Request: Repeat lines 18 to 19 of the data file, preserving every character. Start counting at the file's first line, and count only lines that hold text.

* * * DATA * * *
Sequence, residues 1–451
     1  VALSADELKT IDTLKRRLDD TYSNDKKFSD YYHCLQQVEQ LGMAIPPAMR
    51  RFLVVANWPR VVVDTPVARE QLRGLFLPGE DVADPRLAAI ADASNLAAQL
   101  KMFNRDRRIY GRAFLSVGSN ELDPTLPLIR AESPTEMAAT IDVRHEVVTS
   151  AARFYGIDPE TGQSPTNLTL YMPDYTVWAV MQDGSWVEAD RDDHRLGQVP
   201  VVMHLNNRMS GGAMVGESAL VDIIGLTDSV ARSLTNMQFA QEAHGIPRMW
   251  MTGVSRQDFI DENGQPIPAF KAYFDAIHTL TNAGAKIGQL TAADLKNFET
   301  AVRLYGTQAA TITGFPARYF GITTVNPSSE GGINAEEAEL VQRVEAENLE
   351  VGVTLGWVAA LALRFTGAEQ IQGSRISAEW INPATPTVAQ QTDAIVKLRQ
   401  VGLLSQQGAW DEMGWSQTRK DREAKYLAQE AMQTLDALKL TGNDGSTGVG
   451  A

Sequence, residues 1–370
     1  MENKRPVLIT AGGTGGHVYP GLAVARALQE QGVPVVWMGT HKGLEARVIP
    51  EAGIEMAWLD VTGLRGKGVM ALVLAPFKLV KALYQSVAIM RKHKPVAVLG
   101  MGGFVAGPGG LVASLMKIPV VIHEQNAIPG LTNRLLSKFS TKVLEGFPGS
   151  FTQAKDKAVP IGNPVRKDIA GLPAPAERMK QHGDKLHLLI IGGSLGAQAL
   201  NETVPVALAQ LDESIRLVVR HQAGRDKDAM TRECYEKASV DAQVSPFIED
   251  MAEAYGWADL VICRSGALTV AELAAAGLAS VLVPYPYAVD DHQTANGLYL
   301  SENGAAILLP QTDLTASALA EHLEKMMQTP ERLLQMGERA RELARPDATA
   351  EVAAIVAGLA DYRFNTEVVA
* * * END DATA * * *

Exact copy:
   251  MAEAYGWADL VICRSGALTV AELAAAGLAS VLVPYPYAVD DHQTANGLYL
   301  SENGAAILLP QTDLTASALA EHLEKMMQTP ERLLQMGERA RELARPDATA